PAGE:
Lashing out actor Tamil movie hero C. Joseph Vijay (cine name Vijay) for trying avoid payment of entry tax on import of an ultra-luxury Rolls Royce Ghost car, the Madras High Court ordered him to pay the tax and also levied a cost of Rs 1 lakh.
The court also strongly disapproved the actor’s action of not revealing his occupation in his affidavit and held that tax evasion is to be construed as an anti-national habit.
Vijay had imported the prestigious and costly car from the UK. While paying the import duty to the Central government, he approached the court against the payment of entry tax to the Tamil Nadu government.
The luxury car was lying idle as it could run on public roads unless it was duly registered after paying the entry tax.
The court expressed its surprise that Vijay had not even stated his profession or occupation in his affidavit.
“The petitioner, who is a reputed cine actor, is expected to pay the tax promptly and punctually,” the court said.
Noting that the petitioner/actor has large scale fan groups and those fans are seeing the actors as real heroes, the court said in Tamil Nadu, cine heroes have risen to rule the state. “… Therefore, the people are under the impression that they are the real heroes. Thus, they are not expected to behave like a reel heroes. Tax evasion is to be construed as anti-national habit, attitude and mindset and unconstitutional.”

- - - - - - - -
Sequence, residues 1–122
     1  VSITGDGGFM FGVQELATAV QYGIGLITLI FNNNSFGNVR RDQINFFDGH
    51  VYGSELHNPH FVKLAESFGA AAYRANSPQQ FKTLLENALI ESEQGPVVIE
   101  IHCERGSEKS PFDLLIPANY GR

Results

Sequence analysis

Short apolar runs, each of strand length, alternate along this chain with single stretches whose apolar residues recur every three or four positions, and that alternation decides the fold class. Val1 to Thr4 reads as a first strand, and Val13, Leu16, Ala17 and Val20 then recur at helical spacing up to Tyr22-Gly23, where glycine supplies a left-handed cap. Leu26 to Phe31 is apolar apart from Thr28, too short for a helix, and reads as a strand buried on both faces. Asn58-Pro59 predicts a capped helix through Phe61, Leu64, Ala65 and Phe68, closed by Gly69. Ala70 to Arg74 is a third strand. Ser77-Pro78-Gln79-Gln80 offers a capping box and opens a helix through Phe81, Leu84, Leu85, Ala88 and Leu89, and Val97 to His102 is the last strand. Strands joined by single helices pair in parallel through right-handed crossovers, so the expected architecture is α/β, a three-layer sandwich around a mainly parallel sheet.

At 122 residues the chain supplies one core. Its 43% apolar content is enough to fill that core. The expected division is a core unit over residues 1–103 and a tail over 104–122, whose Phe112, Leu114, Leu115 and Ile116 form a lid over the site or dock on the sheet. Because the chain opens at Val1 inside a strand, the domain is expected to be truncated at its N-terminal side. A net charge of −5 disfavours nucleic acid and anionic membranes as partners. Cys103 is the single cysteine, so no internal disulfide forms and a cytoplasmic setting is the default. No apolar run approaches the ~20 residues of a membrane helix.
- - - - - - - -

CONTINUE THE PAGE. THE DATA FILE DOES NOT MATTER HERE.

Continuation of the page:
“These actors are portraying themselves as champion to bring the social justice in the society. Their pictures are against corrupt activities in the society. But, they are evading tax and acting in a manner, which is not in consonance with the provisions of the statutes,” it held.
Pointing out that the noble perspective of the Constitution under the Directive Principles can be achieved only if the people of such stature, or the rich pay their taxes unhesitatingly and comply with the laws of the land, it said: “Filing a writ petition, avoiding payment of entry tax and keeping the writ petition pending for about nine years, can never be appreciated and it is not made clear even now, whether the entry tax as applicable has been paid by the petitioner or not.”
In a philosophical note, the court said accumulation of wealth or possessing the world’s prestigious car, Rolls Royce “would not be of any assistance for a better life in our great nation, as our country is enriched with culture and social values”.
“Thus, this court is of the considered opinion that the non-payment of entry tax by the petitioner, can never be appreciated and the petitioner has not respected nor responded to the lakhs and lakhs of his fans, who has paid by viewing his movies and from and out of such money, the petitioner/actor purchased the world’s prestigious car for his personal usage,” it said.
“The reputed persons of this great nation should realise that the money that reaches them is from the poor man’s blood and from their hard-earned money and not from the sky,” the court added.
“In the absence of payment of entry tax by the petitioner within a period of two weeks, the respondents are directed to initiate all further actions by following the procedures as contemplated under the statutes for recovery of the entry tax from the petitioner as well as the consequential liability, if any, as per the provisions of the Act and the Rules,” it ruled.
The court ordered Vijay to pay Rs 1 lakh to the Tamil Nadu Chief Minister’s Covid-19 Public Relief Fund, within a period of two weeks from the date of receipt of a copy of its order.